### Electrostatic gating

In order to further investigate the carrier behavior and the intrinsic magnetic properties of the material, the Hall resistivity (ρxy) of the 3 uc LMO film was measured at different temperatures for VG = ± 3 V. The Hall effect in a ferromagnet is a combination of the ordinary Hall effect (OHE) and the anomalous Hall effect (AHE)27,28. In ferromagnetic mixed-valence manganites, the OHE and AHE contributions to ρxy have opposite trends, resulting in an anomalous ρxy behavior different from that in ordinary ferromagnetic materials. The AHE starts to dominate above ~100 K, increases sharply around the Curie temperature (TC), peaking at a temperature roughly 30 K above TC, and decreases slowly at higher temperatures29. Figure 2b, c shows ρxy of LMO at various temperatures in the electron-doped and hole-doped regimes, exhibiting an AHE which is in good agreement with studies on La1−xAxMnO3 (A = Ba, Ca, Pb, Ce, and Sr) single crystals23,30,31. Typically, the AHE in hole-doped manganites, such as La1−xSrxMnO3 and La1−xCaxMnO3, is prominent31 at temperatures close to the Curie temperature, TC, namely in the higher temperature region of the metallic phase, where dρxx/dT is positive and the lower temperature region of the insulating phase, where dρxx/dT is negative. When the temperature is well below or above the TC, the Hall resistance becomes linear in magnetic field. These generic features are consistent with our experimental observation. The maximum magnitude of the AHE for La1−xSrxMnO3 and La1−xCaxMnO3 are ~0.65 and 1.3 µΩ cm, which is also consistent with the magnitude of the AHE in our study. Since the AHE is due to broken time-reversal symmetry, typically as a result of spin–orbit coupling in a ferromagnetic phase28,32,33, the data demonstrate the ferromagnetic nature of the films under both positive and negative gating.

The carrier densities of the electrons and holes under different gate voltages were calculated from the Hall measurement at 2 K, and are shown in Fig. 2d with n(p) representing the electron(hole) content per Mn. At 2 K, ρxy exhibits a linear variation with magnetic field (μ0H), and opposite signs of the slope are observed according to the sign of VG, revealing electron and hole characteristics of the LMO under positive and negative gate voltages, respectively. However, the values of carrier density deduced at 2 K are generally much larger than the nominal doping concentration23,28,30,31, although the sign of the slope of ρxy at low temperature is correct in our study, where the Hall carrier density of doped LMO achieved at ±3 V corresponds to roughly one electron or hole per Mn site. The abnormally large Hall carrier density of manganites is well documented in the existing literature23,28,30,31, but its mechanism remains unexplained. For instance, nominal chemically doped La1−xAxMnO3 thin films with ~0.1e per Mn always exhibit roughly one, or even more, electrons or holes per Mn site in Hall measurements at ~ 2 K. Nevertheless, a linear modulation of carrier density per Mn is confirmed. As shown in Fig. 2d, the Hall carrier density, which was estimated based on the normal Hall resistance regime of ρxy, shows that the gating effect on carriers is roughly symmetric on both sides. Although the doping effect is often found to be asymmetric due to the difference in the size of the positive and negative ions in the liquid, the capacitance for electron-doped and hole-doping can also be symmetric in some cases34,35.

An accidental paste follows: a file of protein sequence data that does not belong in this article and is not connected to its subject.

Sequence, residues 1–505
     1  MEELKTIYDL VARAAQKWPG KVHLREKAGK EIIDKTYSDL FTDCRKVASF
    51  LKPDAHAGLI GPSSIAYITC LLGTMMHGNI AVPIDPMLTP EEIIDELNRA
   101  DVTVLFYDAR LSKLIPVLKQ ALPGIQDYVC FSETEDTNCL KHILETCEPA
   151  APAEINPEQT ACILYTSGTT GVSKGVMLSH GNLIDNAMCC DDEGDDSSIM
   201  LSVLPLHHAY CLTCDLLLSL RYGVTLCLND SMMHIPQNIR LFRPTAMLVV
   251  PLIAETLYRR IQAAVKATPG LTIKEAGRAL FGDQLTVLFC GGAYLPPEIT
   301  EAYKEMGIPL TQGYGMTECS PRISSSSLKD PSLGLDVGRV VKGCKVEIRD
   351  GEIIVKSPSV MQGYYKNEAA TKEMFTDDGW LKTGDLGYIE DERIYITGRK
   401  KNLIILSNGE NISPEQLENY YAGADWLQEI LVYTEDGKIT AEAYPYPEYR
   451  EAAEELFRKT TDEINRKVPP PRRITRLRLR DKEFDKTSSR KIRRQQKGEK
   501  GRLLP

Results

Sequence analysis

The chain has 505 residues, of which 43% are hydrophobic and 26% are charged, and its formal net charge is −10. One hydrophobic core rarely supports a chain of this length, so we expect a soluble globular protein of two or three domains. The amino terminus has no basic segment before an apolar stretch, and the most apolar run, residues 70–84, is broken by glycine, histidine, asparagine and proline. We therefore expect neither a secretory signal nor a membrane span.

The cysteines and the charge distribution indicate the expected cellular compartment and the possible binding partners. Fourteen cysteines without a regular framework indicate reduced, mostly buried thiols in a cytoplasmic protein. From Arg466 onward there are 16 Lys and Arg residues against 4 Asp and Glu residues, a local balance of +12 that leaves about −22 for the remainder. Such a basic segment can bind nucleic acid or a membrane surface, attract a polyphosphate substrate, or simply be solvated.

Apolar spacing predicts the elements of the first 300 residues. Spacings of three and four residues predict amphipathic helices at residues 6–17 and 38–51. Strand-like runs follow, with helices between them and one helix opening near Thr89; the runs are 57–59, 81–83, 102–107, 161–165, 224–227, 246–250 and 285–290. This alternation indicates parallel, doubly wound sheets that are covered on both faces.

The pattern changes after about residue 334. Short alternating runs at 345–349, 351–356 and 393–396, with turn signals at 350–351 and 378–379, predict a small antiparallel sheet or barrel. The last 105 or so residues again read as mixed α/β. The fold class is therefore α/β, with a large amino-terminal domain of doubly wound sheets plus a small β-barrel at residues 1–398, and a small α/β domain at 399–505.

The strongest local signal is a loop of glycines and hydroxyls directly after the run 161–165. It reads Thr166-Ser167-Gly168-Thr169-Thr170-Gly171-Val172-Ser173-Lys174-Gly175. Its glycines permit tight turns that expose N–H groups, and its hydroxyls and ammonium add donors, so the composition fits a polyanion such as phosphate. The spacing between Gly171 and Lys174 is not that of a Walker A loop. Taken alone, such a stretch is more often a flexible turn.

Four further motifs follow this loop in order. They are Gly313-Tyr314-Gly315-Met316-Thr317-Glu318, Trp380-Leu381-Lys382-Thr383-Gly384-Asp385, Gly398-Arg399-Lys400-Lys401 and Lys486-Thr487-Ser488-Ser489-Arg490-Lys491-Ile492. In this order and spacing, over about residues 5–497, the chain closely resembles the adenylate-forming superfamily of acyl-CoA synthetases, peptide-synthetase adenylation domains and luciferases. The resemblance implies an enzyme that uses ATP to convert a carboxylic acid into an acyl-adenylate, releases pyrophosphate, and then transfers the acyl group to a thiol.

### Ambipolar ferromagnetism

The realization of ambipolar ferromagnetism is further confirmed by the variation of studies of sheet resistance RS as a function of temperature for various gate voltages. Figure 3a, b show the RS vs. temperature curves of the 3 uc LMO under positive or negative VG. By increasing the negative VG (hole accumulation, Fig. 3a), the RS vs temperature curves exhibit a metal–insulator transition (MIT) with a resistivity peak at a temperature TP, accompanying the decrease of resistivity. The same trend is observed when VG is positive (electron accumulation, Fig. 3b). Below TP, electron-doped and hole-doped LMO both exhibit metallic behavior. The sheet resistance of our samples are quantitatively consistent with the resistance quantum (h/e2 = 25.8 kΩ), and the well-documented MIT in manganite. In the temperature regime above the MIT, the system is non-magnetic and enters a semiconducting state. This is consistent with all understood cases with a resistance greater than h/e2. In the temperature regime near and below the MIT, the resistivity of our sample is quantitatively consistent with the well-documented resistivity of manganite materials. For example, the resistivity of our samples at the peak temperature is ~10−1 to 10−2 Ωcm, showing the same value as the reported resistivity at the peak temperature TP22,36. Furthermore, TP in both electron-doped and hole-doped regimes increases upon applying a 9 Tesla magnetic field (Fig. 3c, d), and colossal magnetoresistance (CMR) is observed. The field-induced increase of TP resembles that of all other chemically doped ferromagnetic manganites, proving that the ferromagnetic metallic state induced by both positive and negative gating lies within LMO films, rather than at the surface of the STO substrate37.

### Electron–hole asymmetry